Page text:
Gov. Ron DeSantis has withdrawn relief from renters and mortgage payers, citing federal protections.
About this Florida Phoenix series: Florida voters could face a whopping twelve different proposed amendments to the state Constitution on Nov. 6 – one of the longest lists ever. The amendments cover a wild ride of subjects, including complex changes to tax policy, banning offshore oil drilling and greyhound racing, expanding gambling, automatically restoring voting rights for ex-felons, setting new rules on lobbying, and even whether Florida should ban vaping in public places.
Even more challenging is that some of the amendments “bundle” several different ideas into one, meaning voters might be forced to vote for a thing they don’t like in order to approve something they want, or vice versa. (Plus, three of the amendments are mired in a legal challenge that’s before the Florida Supreme Court.)
It’s confusing, and the Phoenix is going to try in the coming days to briefly lay out all these amendments for you, explain what they will do, and tell you who supports it and who opposes it.
Amendment 2: Limitations on Property Tax Assessments
Ballot summary: “Proposing an amendment to the State Constitution to permanently retain provisions currently in effect, which limit property tax assessment increases on specified non-homestead real property, except for school district taxes, to 10 percent each year. If approved, the amendment removes the scheduled repeal of such provisions in 2019 and shall take effect January 1, 2019.”
What it’s about:
Property taxes typically boil down to how much property is worth. Higher property values usually lead to bigger property tax bills, which aren’t exactly popular.
That’s where Amendment 2 comes in. The Constitutional Amendment on the ballot Nov. 6 asks voters to say yes or no on a provision designed to limit property value increases to 10 percent annually.
The limit applies to certain “non-homestead” property (which is different than a house you own and live in), such as apartments and office buildings, vacation or second homes, commercial property and vacant land. With some exceptions, the assessed value of a piece of property cannot be increased by more than 10 percent compared to the prior year.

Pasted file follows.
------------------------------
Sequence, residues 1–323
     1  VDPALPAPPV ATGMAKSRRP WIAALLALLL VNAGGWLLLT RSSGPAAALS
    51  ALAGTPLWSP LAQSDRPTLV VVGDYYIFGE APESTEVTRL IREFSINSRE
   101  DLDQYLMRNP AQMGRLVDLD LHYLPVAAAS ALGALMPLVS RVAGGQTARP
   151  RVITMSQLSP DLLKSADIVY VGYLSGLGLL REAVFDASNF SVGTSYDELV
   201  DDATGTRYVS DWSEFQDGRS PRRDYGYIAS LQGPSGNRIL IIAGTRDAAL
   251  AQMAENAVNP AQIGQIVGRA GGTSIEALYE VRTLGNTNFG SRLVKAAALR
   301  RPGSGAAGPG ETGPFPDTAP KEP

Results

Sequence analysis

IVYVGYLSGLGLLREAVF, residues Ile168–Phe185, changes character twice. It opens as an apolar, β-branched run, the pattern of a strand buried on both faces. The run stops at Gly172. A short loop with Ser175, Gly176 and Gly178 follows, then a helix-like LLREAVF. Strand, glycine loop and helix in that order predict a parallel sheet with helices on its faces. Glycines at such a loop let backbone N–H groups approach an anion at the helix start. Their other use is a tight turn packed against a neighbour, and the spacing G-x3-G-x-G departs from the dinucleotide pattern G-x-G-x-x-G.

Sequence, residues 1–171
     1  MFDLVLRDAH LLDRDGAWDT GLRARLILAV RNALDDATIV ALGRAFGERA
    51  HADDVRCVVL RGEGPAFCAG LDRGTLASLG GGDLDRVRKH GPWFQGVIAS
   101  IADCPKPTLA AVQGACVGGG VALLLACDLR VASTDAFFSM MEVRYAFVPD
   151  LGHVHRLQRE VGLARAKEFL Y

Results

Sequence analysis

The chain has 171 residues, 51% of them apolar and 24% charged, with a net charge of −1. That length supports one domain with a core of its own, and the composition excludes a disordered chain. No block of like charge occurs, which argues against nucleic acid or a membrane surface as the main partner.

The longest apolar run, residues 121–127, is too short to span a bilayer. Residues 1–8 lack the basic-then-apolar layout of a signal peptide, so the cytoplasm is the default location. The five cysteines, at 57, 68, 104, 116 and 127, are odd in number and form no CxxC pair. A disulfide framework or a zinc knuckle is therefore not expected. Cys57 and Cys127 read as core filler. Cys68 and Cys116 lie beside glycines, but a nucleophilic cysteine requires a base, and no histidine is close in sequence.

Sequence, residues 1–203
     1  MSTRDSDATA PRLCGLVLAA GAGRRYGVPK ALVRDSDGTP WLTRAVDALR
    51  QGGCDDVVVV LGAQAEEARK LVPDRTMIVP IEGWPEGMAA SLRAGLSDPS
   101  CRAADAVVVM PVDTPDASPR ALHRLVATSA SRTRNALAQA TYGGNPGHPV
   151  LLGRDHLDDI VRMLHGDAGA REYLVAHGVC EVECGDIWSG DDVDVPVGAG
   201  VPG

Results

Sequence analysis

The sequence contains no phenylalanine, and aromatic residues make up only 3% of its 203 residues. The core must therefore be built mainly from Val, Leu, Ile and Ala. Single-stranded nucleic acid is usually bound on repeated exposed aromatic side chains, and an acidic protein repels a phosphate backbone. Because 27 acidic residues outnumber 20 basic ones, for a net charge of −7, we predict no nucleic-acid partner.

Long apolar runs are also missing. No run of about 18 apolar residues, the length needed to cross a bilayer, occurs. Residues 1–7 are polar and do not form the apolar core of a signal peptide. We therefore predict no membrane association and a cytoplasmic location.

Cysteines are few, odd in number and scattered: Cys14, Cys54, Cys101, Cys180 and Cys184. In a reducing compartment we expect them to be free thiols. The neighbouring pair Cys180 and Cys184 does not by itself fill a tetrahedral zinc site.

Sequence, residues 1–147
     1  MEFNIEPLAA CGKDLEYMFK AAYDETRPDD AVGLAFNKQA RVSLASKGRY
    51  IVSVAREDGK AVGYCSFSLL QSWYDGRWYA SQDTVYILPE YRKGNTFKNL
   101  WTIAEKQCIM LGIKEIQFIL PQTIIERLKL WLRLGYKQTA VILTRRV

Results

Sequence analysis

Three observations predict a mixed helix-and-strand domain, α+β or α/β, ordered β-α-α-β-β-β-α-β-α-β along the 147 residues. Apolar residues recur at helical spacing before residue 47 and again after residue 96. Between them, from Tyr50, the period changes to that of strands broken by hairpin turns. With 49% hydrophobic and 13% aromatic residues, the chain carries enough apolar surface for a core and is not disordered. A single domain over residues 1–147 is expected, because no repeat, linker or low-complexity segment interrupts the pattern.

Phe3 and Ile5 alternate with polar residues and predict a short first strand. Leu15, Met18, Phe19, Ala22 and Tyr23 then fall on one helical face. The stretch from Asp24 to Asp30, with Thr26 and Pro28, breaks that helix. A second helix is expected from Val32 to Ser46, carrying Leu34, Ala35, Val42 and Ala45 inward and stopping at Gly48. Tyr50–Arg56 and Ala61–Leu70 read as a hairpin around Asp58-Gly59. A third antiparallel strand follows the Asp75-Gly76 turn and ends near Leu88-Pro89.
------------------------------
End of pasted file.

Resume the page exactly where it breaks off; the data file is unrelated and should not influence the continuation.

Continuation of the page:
Amendment 2 should not be confused with “homestead” exemptions that already lower property tax bills for permanent Florida residents who own and live in their homes.
This 10 percent limit on assessed value is already in state law, but it expires in 2019. That’s why Amendment 2 is on the ballot – to make the 10-percent limit permanent — if voters say yes.
While many people who own apartment and office buildings, vacation or second homes, commercial property or vacant land would likely be thrilled if Amendment 2 passes, the League of Women Voters of Florida is against the measure.
That’s in part because if Amendment 2 is voted down, the 10 percent limit will go away. In that case, non-homestead property would potentially see higher tax bills, the League of Women Voters says, and local governments would expect to get more money for services such as police departments, libraries and other public programs.
The amount of recovered tax revenue for communities could be in the hundreds of millions.
However, a report by the Florida TaxWatch organization says that if Amendment 2 fails and the 10-percent limit goes away, it could mean major tax increases for non-homestead property owners.
That’s because “non-homestead property will suddenly be assessed at full market value,” TaxWatch says, which “could have some serious impacts on Florida, decreasing disposable income, increasing rents and business costs, and exacerbating and perpetuating the existing inequities of Florida’s property tax system.”
A political action committee called Amendment 2 is for Everybody was launched last year and has been pushing for a yes vote on Amendment 2, including launching a multi-million-dollar ad campaign.
Among other issues, the committee focuses on rental property. “The fact of the matter is that Amendment 2 is the only protection for renters in Florida,” said committee spokeswoman Ann Howard.
“What’s more, today there are more people renting their homes in Florida since the 1980’s,” she said. “To allow Amendment 2 to fail would mean exacerbating the current shortage of affordable housing for Florida’s workforce.”
Who’s for it:
Owners of certain non-homestead property; Organizations including Florida TaxWatch, Florida Realtors, the Florida Chamber of Commerce; Lawmakers who approved the legislation in the spring of 2017 to place the Amendment on the ballot; Amendment 2 is for Everybody.
Who’s against it:
League of Women Voters of Florida; local governments that could potentially benefit from more tax revenues if the 10 percent limit wasn’t in place. In addition, the Board of Directors of the Florida Association of Counties, did not favor or oppose Amendment 2 – it voted neutral.
Other key points:
Amendment 2 needs 60 percent of the vote to pass.
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